Top shelf, bottom corner, even championships—hit what you’re aiming for every time with the new 2017 NEXUS 1N stick. With the new control shaft geometry and improved sweet spot technology, load your shot with ease and put the puck in the back of the net.


  • 424g
  • Mid Kick Point
  • Improved sweet spot
  • Control Shaft (rounded corners)
  • Easy Load Taper
  • POWER SENSE 2 Blade Core


More well-balanced than the Vapor 1x. Laeger “sweet spot” to place your lower hand in order to get a good flex on the shaft which results in more consistency and accuracy.


Heavier than the Vapor 1x. Not as fast of a release as the ultralight sticks on the market.

Our Verdict:

If the Vapor 1x is for the sniper, then this is for everyone else. It’s not as light, not as flashy but it has no weak spots. This is the kind of stick that will get the job done. We really liked the consistency with which the stick flexed. Even with less than perfect technique, you can get off some good shots.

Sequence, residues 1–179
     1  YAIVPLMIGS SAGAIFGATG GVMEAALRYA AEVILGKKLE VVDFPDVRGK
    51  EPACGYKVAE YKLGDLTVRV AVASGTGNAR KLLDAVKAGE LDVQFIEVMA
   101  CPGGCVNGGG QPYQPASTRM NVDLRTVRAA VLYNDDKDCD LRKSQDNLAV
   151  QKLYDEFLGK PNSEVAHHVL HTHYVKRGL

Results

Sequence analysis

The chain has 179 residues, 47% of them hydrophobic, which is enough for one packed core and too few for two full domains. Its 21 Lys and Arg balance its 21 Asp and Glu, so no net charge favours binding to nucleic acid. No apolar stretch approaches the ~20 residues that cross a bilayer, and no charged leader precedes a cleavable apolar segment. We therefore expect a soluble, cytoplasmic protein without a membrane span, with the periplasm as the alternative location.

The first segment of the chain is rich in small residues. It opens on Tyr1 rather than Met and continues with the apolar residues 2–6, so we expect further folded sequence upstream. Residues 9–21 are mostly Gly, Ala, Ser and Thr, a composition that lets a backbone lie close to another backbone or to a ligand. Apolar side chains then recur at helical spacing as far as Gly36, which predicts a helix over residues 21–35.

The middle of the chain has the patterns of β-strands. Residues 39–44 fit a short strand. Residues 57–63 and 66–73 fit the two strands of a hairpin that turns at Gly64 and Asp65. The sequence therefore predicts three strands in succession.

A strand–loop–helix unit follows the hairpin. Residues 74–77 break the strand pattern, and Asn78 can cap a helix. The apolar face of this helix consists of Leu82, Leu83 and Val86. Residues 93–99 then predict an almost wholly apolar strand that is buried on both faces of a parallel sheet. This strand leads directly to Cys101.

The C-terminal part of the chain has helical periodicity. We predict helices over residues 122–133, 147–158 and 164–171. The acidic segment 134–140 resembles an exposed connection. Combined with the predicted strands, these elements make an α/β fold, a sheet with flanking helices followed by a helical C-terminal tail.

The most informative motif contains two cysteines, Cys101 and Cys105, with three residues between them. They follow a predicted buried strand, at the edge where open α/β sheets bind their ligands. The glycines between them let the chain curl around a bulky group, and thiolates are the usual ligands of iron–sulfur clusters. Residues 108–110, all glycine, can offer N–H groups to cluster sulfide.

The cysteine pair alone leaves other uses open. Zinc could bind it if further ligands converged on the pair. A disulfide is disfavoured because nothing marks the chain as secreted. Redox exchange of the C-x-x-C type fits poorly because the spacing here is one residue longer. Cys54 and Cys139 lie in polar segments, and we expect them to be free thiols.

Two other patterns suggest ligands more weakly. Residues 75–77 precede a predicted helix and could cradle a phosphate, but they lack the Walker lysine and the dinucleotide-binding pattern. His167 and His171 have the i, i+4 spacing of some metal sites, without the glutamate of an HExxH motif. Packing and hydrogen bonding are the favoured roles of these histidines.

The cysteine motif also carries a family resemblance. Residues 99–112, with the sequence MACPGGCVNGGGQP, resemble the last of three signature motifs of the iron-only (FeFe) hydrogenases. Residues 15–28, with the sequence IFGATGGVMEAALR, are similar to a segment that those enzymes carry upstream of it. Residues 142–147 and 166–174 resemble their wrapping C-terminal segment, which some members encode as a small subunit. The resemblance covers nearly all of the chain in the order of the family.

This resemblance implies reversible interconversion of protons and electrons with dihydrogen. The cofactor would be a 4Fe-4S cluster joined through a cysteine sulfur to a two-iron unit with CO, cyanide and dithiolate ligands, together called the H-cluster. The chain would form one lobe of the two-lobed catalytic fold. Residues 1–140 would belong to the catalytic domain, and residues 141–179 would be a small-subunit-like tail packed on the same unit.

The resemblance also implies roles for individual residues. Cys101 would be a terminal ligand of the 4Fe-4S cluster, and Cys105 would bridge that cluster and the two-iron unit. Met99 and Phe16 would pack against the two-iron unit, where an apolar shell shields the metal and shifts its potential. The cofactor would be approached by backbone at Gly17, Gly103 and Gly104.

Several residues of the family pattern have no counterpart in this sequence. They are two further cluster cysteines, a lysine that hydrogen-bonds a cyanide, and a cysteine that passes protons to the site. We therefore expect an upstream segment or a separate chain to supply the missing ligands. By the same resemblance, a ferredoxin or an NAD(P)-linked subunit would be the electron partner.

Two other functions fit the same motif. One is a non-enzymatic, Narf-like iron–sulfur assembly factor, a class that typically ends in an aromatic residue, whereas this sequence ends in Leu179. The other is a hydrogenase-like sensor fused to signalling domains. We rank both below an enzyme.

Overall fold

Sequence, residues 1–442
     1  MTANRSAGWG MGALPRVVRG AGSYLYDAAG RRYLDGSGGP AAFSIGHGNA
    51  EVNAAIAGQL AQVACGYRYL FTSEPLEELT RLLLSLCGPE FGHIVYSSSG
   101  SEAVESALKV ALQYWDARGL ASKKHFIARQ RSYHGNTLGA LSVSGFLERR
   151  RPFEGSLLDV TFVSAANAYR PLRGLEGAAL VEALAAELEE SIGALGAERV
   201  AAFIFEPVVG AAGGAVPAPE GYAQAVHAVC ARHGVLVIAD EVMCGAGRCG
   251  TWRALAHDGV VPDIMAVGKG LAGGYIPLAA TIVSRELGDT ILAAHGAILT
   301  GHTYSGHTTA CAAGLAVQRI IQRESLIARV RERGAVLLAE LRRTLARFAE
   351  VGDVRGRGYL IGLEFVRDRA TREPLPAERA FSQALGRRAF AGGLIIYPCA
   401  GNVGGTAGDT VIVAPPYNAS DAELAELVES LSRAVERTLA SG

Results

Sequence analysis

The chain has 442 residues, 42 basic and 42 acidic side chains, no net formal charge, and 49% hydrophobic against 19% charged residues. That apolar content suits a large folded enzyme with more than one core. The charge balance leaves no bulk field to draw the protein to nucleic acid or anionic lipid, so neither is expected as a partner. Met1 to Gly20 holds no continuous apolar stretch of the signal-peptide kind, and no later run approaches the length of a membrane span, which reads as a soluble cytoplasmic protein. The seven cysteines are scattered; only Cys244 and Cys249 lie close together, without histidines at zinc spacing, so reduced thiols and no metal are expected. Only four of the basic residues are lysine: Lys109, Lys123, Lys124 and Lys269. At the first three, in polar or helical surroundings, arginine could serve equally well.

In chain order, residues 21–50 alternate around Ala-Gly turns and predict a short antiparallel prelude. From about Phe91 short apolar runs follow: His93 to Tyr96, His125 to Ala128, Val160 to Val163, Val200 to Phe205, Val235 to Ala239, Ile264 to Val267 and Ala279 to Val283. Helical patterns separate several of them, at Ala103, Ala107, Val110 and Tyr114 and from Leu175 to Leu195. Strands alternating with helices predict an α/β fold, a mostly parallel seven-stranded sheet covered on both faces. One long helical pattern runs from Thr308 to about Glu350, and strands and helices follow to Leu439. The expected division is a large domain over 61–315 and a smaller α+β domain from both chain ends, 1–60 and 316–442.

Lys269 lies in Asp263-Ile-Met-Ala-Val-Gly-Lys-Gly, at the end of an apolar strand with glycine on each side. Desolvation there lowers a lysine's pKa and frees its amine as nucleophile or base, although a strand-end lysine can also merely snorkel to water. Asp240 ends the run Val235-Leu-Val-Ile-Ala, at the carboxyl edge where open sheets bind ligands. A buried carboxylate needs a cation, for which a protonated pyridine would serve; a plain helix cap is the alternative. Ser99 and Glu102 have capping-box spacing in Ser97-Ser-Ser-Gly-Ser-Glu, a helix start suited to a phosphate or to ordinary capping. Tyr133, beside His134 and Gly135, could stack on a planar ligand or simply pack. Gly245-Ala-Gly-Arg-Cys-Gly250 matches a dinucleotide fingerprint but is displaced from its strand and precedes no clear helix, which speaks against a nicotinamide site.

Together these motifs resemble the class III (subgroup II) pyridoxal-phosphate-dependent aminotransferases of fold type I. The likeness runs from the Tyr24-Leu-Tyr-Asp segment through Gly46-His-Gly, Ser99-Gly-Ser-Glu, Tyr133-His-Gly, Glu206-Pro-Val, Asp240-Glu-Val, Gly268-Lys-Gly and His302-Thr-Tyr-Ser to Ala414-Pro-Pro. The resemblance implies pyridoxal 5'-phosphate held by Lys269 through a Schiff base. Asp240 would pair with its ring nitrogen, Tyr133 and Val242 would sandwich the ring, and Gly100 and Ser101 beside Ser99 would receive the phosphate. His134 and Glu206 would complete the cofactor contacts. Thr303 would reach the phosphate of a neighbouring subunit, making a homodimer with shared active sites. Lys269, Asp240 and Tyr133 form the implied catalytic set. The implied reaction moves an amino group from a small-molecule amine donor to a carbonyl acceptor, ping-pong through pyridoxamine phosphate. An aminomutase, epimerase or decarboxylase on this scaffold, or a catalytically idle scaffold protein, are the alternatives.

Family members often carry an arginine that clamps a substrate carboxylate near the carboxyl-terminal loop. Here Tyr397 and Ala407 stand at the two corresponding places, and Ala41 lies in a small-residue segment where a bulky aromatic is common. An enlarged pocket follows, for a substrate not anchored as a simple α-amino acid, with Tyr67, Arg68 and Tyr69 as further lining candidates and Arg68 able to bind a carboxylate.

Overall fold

STX Surgeon RX2 Stick

The Surgeon RX2 came out in 2016 but it’s still one of the best that STX has to offer. STX has been a lacrosse stick company for many many years and has followed Warrior into the ice hockey market as well.

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The Company Line:

Input from elite players, at all levels, was imperative at the beginning stages of development. We took R&D out of the lab and straight to the rink for testing. Incorporating feedback from NHL and elite level players into the design confirmed the Surgeon Rx2 will Reshape The Game.


  • 242g
  • Puregrip ergonomic shaped shaft
  • Pureblade design saves weight and enhances performance
  • Ultra-High Balance Point amplifies the feel and playability of the stick
  • Flex Profile Precision Flex-Dual Kick Points
  • Shaft Construction 3K Carbon Fiber with Nano-Enhanced Resin with Spear Construction


Very lightweight. Unique shaft shape allows more of the hand to grip the stick.